Re-thinking Sunjata: Epics and Epistemology in West African Oral Narratives

The next seminar paper in our Theorising Africa series will be delivered by Stephen Bulman and is entitled “Re-thinking Sunjata: epics and epistemology in West African oral narratives”. The seminar will take place on 27 March at the LHRI seminar room 1 at 4pm. The event is free and open to all.

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Abstract

African oral epics, in common with African oral traditions as a whole, have in the past too often been understood as hallowed messages from the past, handed down unchanged from generation to generation. New thinking based on analysis of Manding epics about Sunjata Keita and his rival for power Sumanguru Kante, two legendary rulers from the pre-colonial era, suggests that such oral traditions are part of a cultural meta-discourse fashioned and re-fashioned over time in response to social and political shifts; and their tellers, hereditary griots or jeliw, intellectual actors whose narratives help shape and re-form the identities of, and relationships between, cultural and social groups. This seminar will examine how the recently published Epic of Sumanguru Kante, a narrative retelling medieval Mali’s foundation from the perspective of Sunjata’s defeated rival, offers fresh insights into the role of African historical oral poetry in shaping Manding ‘oral historiography’ and epistemology.

He said: It is true, indeed, I came with my name. My name is Soo-Maanguru. That’s the meaning of being Sumanguru. He said: I, here, I will not be slave. I will not be lackey.

– Bulman The Epic of Sumanguru Kante (2017)

About Stephen Bulman

bulmanStephen Bulman (Ph.D. Birmingham 1990) studied the Epic of Sunjata as a doctoral student. He has taught history at Newman University in Birmingham, worked as an academic at Leeds Trinity University and Cumbria University, and has published several studies of the Epic of Sunjata and related African oral traditions including, with Valentin Vydrine, a critical source edition of The Epic of Sumanguru (Brill, 2017) based on an oral epic he recorded in the Republic of Mali.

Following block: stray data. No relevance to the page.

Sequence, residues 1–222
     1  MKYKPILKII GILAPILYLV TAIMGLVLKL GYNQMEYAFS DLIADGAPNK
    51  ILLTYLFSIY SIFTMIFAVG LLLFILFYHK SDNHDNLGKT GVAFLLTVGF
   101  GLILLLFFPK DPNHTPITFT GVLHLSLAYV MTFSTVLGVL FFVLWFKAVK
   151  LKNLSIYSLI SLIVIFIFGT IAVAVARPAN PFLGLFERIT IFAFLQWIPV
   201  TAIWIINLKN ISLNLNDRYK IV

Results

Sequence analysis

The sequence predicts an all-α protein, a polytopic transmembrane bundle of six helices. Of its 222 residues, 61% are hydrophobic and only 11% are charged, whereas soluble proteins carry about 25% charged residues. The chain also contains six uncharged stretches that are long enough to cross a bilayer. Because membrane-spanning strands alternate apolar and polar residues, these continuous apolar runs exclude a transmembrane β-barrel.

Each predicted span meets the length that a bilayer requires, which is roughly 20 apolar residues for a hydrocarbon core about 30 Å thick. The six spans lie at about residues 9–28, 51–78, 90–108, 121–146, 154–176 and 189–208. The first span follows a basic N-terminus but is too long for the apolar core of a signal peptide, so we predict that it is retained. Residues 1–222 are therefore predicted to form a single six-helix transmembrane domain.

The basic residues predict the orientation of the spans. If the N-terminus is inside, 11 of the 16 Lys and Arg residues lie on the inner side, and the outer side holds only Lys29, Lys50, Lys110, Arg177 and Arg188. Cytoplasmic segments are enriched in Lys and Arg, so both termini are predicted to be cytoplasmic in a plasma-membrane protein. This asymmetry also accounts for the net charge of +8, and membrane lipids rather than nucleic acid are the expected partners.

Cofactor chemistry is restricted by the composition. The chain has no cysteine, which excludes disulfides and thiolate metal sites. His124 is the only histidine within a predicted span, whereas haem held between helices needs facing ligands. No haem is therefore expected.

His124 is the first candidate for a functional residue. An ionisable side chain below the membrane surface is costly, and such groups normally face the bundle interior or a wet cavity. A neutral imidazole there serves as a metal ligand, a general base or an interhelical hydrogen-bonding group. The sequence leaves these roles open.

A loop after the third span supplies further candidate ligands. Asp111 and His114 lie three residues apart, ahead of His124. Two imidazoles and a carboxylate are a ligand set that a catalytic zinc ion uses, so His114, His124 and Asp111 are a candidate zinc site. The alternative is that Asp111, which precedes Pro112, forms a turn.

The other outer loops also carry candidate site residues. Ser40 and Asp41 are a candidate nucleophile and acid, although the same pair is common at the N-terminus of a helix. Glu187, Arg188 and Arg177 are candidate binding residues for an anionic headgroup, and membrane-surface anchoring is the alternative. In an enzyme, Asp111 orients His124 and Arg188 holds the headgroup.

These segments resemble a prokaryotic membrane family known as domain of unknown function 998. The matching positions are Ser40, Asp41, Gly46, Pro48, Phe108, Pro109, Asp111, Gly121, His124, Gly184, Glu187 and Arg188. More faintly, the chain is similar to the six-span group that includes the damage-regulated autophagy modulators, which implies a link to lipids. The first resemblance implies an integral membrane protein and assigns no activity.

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Art and Ways of knowing in Uganda

A screening and discussion of two short films developed in response to a

workshop with artists and activists

 Ruth Kelly  (CHR, York) & Director, Patience Nitumwesiga

Communion poster

We are delighted to be opening our Theorising Africa session with a screening, discussion and interview with the Ugandan director, Patience Nitumwesiga, who will be speaking to Ruth Kelly about two short films made in Kampala last year.  The event will take place on 13 February 2018 at the Leeds Humanities Research Institute (LHRI) Seminar Room 1 at 4pm.

This event, which is hosted in collaboration with LUCAS, is open to all and entrance is free.

 

Abstract                                                                                 

In July 2017, a group of academics, artists and activists met in Kampala, Uganda to explore how art could help us imagine and inhabit new ways of being, feeling and knowing, opening space to dream up visions of a more just and sustainable world. The methodology for the research is inspired by the research practice of Boaventura de Sousa Santos and of J.K. Gibson-Graham who have undertaken studies that have questioned dominant paradigms – Western epistemologies and capitalism, respectively – and gone on to develop research and practice uncovering and proposing alternatives – epistemologies of the South and community economies respectively.